The Maneater

Internet partnership with community colleges makes MU more accessible

500 Missourians are currently taking advantage of Mizzou Online’s degree programs.

Community college graduates will now have Internet access to continue their education through the degree programs offered through Mizzou Online.

MU and the Missouri Community College Association signed a Memorandum of Understanding about this deal on Oct. 9.

The memorandum establishes a partnership between MU and the association to assist students continuing their education beyond an associate degree. The chancellors and presidents of the 12 community colleges unanimously agreed to give access to their graduates, and it begins immediately, said Jim Spain, vice provost for Undergraduate Studies and interim vice provost for eLearning.

“It’s good for the students,” Spain said. “Both community colleges and MU will see numbers increase, but the central focus is that it is good for providing access to students.”

MCCA Executive Director Zora Mulligan called the agreement a no-brainer.

“It strengthens an already positive relationship between MU and the MCCA and creates a helpful pathway for students,” Mulligan said.

While MU will provide the courses for students, the community colleges will provide students access to the already-existing computer labs at the colleges themselves.

Students are only eligible for this access if they earned their associate degree at a Missouri community college and then chose to continue their education through Mizzou Online.

This partnership also removes the barrier of students not having access to high-speed Internet, Spain said.

“It creates, for students who complete an associate degree through Missouri community colleges, access to computer labs so they can continue their education through Mizzou,” Spain said.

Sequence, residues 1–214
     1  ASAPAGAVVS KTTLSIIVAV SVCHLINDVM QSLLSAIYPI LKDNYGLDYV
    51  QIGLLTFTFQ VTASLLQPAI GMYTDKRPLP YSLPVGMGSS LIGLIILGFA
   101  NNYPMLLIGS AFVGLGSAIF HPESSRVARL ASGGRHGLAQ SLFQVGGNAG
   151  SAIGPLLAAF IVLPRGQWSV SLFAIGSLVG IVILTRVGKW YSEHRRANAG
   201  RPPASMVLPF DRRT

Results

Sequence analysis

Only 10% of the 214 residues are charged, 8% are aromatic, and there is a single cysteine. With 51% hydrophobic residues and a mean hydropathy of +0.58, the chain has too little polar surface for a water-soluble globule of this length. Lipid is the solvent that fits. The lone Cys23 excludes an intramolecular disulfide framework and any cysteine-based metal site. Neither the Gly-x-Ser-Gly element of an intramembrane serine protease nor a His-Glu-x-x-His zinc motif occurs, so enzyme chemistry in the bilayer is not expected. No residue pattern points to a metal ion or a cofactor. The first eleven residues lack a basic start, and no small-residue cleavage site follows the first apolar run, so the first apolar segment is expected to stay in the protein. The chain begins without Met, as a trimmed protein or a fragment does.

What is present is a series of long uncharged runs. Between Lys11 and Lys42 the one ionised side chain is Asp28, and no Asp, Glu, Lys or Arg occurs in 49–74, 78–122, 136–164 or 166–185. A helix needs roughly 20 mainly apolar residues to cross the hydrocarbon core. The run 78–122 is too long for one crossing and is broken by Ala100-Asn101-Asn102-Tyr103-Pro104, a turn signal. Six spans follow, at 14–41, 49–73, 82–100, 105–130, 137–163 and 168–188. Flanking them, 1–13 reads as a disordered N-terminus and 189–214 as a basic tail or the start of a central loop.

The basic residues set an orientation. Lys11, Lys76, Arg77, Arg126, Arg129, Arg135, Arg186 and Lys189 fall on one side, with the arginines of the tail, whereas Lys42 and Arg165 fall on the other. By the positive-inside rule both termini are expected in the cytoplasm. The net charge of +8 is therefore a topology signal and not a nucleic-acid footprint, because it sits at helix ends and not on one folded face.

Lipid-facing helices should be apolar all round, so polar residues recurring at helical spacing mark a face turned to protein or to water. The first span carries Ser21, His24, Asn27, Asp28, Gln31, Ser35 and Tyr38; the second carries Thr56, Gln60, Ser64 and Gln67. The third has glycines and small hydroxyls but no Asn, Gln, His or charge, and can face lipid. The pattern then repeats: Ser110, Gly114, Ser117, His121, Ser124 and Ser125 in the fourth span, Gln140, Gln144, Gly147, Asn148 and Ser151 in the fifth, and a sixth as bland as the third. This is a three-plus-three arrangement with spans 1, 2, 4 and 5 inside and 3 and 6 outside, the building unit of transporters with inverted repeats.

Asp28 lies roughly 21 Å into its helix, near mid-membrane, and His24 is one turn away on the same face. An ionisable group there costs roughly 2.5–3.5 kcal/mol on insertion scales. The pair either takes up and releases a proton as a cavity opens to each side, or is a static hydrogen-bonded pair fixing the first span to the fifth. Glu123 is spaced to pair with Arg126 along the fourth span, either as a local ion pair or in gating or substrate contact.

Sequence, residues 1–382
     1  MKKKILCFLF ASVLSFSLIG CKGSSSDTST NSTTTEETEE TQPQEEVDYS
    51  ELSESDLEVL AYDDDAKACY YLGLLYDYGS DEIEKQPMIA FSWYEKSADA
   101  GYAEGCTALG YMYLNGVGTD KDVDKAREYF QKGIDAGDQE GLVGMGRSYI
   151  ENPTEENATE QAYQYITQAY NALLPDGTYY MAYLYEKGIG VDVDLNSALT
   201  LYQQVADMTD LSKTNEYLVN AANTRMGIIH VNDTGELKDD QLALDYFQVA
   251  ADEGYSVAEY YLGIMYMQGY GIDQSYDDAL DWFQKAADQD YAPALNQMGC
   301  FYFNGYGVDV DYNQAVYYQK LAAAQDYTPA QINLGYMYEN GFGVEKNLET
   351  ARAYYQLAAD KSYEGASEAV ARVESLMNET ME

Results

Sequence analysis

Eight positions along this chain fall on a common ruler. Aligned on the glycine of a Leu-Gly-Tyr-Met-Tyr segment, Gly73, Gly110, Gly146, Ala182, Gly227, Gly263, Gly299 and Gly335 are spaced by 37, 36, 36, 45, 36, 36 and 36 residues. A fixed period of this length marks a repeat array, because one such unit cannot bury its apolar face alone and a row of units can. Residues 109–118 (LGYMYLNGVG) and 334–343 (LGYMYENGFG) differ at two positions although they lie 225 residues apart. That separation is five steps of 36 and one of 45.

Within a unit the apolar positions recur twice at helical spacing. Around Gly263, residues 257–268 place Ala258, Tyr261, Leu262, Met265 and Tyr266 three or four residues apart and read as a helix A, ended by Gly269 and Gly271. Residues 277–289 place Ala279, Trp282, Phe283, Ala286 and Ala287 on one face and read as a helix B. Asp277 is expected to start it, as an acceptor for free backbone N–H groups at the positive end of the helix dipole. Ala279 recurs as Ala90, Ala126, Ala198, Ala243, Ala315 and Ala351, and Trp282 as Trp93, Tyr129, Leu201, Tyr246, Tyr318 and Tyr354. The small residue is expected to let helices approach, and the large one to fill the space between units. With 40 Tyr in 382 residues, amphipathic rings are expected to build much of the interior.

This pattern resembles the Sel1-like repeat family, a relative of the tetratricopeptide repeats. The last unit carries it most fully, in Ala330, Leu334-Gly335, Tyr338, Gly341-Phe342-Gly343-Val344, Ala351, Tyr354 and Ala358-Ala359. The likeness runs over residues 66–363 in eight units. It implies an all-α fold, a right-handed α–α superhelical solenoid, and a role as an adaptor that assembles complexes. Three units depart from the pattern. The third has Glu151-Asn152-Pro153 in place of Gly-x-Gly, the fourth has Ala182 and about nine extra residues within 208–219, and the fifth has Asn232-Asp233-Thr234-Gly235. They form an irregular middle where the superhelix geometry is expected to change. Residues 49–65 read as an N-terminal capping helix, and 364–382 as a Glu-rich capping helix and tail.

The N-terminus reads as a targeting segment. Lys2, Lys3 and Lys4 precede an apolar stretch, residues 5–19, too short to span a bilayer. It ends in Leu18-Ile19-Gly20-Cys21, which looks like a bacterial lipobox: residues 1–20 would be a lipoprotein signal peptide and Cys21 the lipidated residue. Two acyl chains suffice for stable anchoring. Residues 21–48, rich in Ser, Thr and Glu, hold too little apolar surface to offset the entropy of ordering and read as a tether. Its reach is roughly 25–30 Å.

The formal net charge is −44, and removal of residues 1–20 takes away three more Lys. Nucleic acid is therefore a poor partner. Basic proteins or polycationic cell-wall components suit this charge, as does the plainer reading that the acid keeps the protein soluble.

Spain said he was excited about this partnership because it creates more opportunities for MU, a land-grant university, to reach more students.

“It makes Mizzou more accessible and that’s accessible for students who can’t make it to Columbia,” he said.

Accessibility is an important part of MU’s mission as a land-grant university, and this partnership allows MU to fulfill that mission, Spain said.

Currently, more than 9,000 students from Missouri are obtaining their degree through Mizzou Online. Spain said he expects that number to increase in the spring semester because of this partnership and due to the development of new online degree programs.

Mizzou Online served more than 12,600 students last year and offers more than 90 MU undergraduate and graduate degrees and certificates, according to Mizzou Online’s website.

MU and the other community colleges came to this understanding during a provost staff retreat at St. Louis Community College.

It was then presented to MCAA and endorsed by all community colleges in Missouri.

This partnership offers an incentive for students to finish the program since an associate degree from a Missouri community college earns that graduate access to the computer labs to continue their education.

“It’s an important step for our state to take,” Spain said.

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